What You Need to Tell Your First-time Deponent
Do you remember your first day of school? Your first pet? Your first client? It’s likely you remember at least a few of the firsts in your life. When it comes to depositions, you may have a lot of experience but perhaps not as a deponent, someone who is giving a deposition. You likely feel how you did before your first day of school – nervous, apprehensive, and unsure of the process. As the legal team who called you to testify to prepare you, as they should, and let them know you’re a first-time deponent.
Explain What a Deposition Is
A deposition is a legal proceeding where a witness is sworn in and asked their version of events related to a particular court case. For example, an operating room nurse may be called to testify as to what happened during surgery for a malpractice case or an eyewitness to a car accident may be called to give their version of events. The process is simply to find out what key witnesses know about the event.
We recommend that you come dressed as if you were appearing in court. Suits or at least business casual is appropriate because what you wear will be representative of your character.
Once You Get There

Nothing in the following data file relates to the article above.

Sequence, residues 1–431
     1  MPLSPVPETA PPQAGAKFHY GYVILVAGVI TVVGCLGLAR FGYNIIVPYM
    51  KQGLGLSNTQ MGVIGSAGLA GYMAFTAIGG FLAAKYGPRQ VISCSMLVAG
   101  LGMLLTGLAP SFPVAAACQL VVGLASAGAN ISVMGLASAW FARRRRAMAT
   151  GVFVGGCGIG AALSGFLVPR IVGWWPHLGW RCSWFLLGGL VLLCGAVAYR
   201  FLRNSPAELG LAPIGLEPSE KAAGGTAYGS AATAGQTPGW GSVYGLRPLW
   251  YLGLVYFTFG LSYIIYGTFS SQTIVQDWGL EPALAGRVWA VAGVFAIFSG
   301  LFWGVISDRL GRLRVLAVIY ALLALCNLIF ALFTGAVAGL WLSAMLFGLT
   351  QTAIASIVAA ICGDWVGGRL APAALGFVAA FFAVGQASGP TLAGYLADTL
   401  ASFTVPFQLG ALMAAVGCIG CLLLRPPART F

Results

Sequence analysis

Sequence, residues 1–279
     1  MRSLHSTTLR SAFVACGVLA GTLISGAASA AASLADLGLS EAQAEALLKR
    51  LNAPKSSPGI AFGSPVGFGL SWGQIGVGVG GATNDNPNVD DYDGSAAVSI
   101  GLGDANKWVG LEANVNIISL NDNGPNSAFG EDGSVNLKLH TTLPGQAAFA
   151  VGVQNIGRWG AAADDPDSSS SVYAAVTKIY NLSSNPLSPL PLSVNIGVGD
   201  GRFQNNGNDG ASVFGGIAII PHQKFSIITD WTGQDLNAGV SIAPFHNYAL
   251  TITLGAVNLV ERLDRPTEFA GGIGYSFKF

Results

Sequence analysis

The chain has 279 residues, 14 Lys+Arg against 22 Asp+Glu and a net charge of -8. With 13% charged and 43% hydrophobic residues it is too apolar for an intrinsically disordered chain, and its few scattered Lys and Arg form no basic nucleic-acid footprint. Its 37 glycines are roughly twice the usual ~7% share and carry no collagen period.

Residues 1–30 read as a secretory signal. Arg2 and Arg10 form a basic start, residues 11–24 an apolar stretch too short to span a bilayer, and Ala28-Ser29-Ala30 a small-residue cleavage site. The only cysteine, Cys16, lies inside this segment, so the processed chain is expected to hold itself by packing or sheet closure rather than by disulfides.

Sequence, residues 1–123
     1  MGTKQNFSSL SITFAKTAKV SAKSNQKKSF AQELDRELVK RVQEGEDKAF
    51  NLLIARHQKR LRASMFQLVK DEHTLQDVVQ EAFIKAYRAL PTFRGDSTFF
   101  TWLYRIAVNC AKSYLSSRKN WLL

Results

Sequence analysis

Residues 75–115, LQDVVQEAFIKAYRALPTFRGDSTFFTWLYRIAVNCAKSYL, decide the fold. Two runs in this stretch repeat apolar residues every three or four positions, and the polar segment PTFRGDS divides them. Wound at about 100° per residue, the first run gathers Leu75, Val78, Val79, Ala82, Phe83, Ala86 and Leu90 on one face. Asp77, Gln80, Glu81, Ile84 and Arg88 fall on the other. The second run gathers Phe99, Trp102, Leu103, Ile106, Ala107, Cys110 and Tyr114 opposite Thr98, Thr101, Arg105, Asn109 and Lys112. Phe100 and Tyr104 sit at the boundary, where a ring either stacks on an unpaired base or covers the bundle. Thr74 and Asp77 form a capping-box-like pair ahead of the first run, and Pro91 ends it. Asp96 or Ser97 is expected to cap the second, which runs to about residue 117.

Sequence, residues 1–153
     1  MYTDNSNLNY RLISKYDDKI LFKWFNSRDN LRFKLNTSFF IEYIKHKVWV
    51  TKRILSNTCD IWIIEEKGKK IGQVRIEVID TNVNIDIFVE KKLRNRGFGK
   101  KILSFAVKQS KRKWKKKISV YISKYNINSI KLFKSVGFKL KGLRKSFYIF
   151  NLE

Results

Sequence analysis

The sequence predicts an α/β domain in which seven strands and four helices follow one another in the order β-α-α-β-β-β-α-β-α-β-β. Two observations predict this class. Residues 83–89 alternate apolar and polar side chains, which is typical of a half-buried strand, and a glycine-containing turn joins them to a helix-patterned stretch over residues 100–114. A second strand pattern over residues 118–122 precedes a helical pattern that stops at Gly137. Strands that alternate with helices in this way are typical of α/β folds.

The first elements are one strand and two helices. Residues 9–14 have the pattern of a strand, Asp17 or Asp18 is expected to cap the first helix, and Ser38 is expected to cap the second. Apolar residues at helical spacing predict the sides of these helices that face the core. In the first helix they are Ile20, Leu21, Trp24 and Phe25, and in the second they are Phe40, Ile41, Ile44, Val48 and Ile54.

Ahead of the deposition date, the first-time deponent will be notified of when and where they need to be. It’s important to be available and on time as there are quite a few people that will be there to hear what you have to say. The attorney who called you, their court reporter, you, and your attorney will be present. It’s important to note that you don’t have to be represented by legal counsel for a deposition but depending on the type of case, you may opt to have yours present; just be sure opposing counsel is aware of the additional person/people.
You will be meeting in a conference room at a legal office whether that’s at the law firm, court reporting agency, or other location. Please be polite to the team even if you’re upset about why you’re there.
It’s okay to say you don’t understand.
Before answering any questions, take a minute to think about your answer. Give a simple and complete answer to what is asked. In depositions there is more leeway for questioning than what is asked in open court but we still caution you to only provide information that you’re asked to provide. If you don’t understand what is being asked, ask for clarification. Answering a question that wasn’t asked because you didn’t understand and/or saying too much can lead down paths the attorneys may not want to go.
And lastly, take a deep breath. Your attorney has lead witnesses through many depositions, including first-time deponents like yourself. Trust the process and you will be great.